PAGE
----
### DropCount

This entry tells the system how many items to choose from the ObjectCategory entry on the same line, and all lines below it with empty **DropCount** entries. This is a list of possibilities separated by a semicolon. The possibilities are formed as x,y where x is the amount of items that should be picked and y is the chance.

- A negative integer like “-N” means that the Treasure Table uses exactly N instances of the ObjectCategory. This is known as a forced drop, and will ignore level restrictions to get N items if necessary.
- A string of non-negative integers like “n_1,p_1;n_2,p_2;...;n_k,p_k” means that the ObjectCategory can be used n_1, n_2, ... or n_k times. Here, the number n_i will be used with probability p_i/(p_1+p_2+...+p_k). For example, “4,1;5,1;6,2” for “T_ST_ArmorMagic” means that the Treasure Table “ST_ArmorMagic” will be used 4 times with a probability of 1/4, 5 times with a probability of 1/4 and 6 times with a probability of 2/4. The probabilities are decreased when they are successfully rolled. In the example above, if the table rolls 4, then DropCount becomes 4,0;5,1;6,2 for the next roll, meaning that 4 has probability 0, 5 has 1/3 and 6 has 2/3. When all probabilities are zero, they are reset to default values. This way we safeguard against situations where a table with DropCount 0,98;1,2 will drop 1 item five times in a row due to sheer randomness.

### ObjectCategory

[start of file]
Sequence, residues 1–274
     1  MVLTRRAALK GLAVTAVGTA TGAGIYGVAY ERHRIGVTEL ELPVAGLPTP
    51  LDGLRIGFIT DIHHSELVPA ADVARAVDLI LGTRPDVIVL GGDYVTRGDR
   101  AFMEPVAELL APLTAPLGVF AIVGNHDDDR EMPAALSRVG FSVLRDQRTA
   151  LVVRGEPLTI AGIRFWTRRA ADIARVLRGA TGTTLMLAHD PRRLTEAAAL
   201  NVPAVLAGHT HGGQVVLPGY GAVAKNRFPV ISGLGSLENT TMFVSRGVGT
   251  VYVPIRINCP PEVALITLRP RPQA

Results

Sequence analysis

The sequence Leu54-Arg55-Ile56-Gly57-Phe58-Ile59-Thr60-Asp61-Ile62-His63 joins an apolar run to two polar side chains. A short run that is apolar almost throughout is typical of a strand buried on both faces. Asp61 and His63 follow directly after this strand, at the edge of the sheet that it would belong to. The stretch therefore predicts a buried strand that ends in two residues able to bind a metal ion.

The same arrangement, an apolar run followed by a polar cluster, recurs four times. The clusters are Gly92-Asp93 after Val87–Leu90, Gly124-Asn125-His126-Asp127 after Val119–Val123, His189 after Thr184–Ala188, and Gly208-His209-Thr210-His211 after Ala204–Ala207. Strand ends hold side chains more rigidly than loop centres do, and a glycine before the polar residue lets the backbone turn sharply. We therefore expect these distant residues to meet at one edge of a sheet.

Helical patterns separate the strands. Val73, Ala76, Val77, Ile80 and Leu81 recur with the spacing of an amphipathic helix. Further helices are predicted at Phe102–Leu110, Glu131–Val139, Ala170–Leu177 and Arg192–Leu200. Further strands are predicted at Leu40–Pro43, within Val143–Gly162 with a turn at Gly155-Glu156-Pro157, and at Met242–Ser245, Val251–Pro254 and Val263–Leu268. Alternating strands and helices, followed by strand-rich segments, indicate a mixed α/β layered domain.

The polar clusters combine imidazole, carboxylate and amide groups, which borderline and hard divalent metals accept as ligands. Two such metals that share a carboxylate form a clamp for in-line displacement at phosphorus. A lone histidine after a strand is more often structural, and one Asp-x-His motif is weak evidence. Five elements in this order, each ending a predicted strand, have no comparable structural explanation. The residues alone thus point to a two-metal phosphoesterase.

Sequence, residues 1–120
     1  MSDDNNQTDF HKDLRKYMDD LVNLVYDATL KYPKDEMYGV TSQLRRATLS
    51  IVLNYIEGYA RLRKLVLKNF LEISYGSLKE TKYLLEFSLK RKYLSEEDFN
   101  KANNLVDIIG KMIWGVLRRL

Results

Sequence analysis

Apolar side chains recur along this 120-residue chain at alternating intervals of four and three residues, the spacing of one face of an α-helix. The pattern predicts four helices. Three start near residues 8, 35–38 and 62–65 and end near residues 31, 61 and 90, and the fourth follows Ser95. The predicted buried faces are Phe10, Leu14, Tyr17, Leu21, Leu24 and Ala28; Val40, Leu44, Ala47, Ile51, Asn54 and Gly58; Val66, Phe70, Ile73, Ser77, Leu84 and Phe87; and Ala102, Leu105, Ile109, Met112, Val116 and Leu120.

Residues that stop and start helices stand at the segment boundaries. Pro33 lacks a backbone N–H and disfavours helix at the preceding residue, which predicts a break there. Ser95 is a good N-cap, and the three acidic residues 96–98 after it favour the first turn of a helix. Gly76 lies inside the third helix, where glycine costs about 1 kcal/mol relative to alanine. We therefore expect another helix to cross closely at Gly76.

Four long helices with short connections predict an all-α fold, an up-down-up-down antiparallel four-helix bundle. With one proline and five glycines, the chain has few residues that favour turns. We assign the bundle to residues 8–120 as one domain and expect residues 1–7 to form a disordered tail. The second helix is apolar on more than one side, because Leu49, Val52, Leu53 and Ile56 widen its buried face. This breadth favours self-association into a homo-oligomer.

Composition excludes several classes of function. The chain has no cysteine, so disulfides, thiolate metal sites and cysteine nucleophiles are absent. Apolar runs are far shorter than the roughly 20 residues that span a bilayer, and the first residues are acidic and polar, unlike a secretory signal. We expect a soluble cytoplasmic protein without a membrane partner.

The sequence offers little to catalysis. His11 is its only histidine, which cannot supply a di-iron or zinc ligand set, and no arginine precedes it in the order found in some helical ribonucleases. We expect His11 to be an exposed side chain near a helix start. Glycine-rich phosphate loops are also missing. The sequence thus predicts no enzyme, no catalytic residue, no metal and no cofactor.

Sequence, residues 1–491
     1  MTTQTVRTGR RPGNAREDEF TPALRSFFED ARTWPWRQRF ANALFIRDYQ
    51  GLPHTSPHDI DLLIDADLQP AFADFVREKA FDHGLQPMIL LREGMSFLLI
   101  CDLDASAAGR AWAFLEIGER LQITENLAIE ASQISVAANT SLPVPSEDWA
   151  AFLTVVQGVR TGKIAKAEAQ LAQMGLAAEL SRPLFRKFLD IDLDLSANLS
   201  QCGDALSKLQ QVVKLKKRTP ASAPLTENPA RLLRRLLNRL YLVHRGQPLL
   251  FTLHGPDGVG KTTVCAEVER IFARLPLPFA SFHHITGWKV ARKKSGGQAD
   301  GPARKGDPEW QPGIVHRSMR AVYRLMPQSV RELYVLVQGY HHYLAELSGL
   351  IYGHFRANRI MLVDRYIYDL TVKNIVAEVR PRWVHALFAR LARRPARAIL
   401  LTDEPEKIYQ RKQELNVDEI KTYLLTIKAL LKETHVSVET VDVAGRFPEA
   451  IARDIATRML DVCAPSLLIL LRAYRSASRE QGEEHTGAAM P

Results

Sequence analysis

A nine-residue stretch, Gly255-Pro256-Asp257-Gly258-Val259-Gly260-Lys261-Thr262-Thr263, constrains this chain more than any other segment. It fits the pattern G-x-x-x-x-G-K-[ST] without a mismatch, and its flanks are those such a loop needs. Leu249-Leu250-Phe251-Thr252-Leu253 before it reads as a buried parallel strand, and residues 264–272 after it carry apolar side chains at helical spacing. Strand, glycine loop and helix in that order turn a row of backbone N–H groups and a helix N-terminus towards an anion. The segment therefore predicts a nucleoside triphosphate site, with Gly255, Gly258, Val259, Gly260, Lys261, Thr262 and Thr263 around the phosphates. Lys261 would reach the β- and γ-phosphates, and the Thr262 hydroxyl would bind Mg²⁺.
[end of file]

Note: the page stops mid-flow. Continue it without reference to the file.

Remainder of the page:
This column defines what is actually dropped by the table. This can be one of several things:

- A reference to a
**single Item entry**by its Stats entry. For this, we use the IDs of items from other stat tables: Object, Weapon, Armor, Potion. To use it, we need to prefix it with “I_”, e.g. for “POTION_Minor_Healing_Potion” it will be “I_POTION_Minor_Healing_Potion”. - A reference to
**another entry from the Treasure Table**. This reference copies the contents of that entry to the current entry. To use it, we need to prefix the reference with “T_” (e.g. for “WarriorTrader” it will be “T_WarriorTrader”). - A reference to an
**object category**from the Object, Weapon, Armor, or Potion tables (the “ObjectCategory” column there). The probability that a particular item drops from the chosen category is determined by the item’s Priority, which is also set within those tables. Priorities act as weights in their category: for example if Weapon file has 3 stat entries with ObjectCategory Dagger, and first two have Priority 1, while third has Priority 3, then first two have 1/5 chance to drop while the third item has 3/5 chance to drop. Unlike Dropcounts, Priorities do not change during the game in any way.

### Frequency

A Frequency entry determines the chance of an ObjectCategory being selected in its group (i.e. among all of the **ObjectCategory** entries using the same **DropCount** entry.